Monday, September 28, 2009

Considering a home birth? Midwives' qualifications vary

Found on the USA Today website

Although two new studies from Canada and the Netherlands found that home births were as safe as hospital births among low-risk women, Erin Tracy of Massachusetts General Hospital argues that the findings can't be extrapolated to the USA.

In Canada and the Netherlands, midwives who attend home births must have at least a bachelor's degree, which is not the case for all U.S. midwives, says Tracy, a spokeswoman for the American College of Obstetricians and Gynecologists, which opposes home births.

In the USA, certified nurse-midwives and certified midwives, both of whom are represented by the American College of Nurse-Midwives, will need master's degrees in midwifery to take the test for accreditation beginning in 2011. According to executive director Lorrie Kaplan, her college has accredited 11,500 certified nurse-midwives and certified midwives.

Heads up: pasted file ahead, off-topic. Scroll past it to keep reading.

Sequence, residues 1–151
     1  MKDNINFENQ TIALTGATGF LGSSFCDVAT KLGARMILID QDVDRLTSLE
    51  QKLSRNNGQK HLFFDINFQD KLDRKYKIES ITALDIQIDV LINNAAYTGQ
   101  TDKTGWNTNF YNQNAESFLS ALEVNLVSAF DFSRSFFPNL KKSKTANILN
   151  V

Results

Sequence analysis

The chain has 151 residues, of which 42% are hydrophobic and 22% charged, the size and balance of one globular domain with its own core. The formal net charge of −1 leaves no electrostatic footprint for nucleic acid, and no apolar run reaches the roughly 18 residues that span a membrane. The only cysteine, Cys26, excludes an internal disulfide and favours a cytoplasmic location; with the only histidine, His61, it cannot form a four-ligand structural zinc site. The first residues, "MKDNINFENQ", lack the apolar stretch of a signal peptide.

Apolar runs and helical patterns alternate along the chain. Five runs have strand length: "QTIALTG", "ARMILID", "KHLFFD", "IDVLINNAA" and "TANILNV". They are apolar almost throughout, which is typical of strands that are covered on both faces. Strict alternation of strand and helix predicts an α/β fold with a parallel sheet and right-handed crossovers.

But a third group, certified professional midwives — who only attend home births — has no minimum formal education requirements.

According to the North American Registry of Midwives, which accredits certified professional midwives, they have varied educational backgrounds, ranging from self-study to college- and university-based midwifery programs. Certified professional midwives are allowed to practice in all but 10 states and the District of Columbia, according to the registry.

ACOG shouldn't confuse the site of a birth with the qualifications of the midwife attending it, Kaplan says. "The research is really quite compelling that home birth under the right circumstances is really very safe," she says. "People are going to keep doing it, no matter what ACOG says."

No comments:

Post a Comment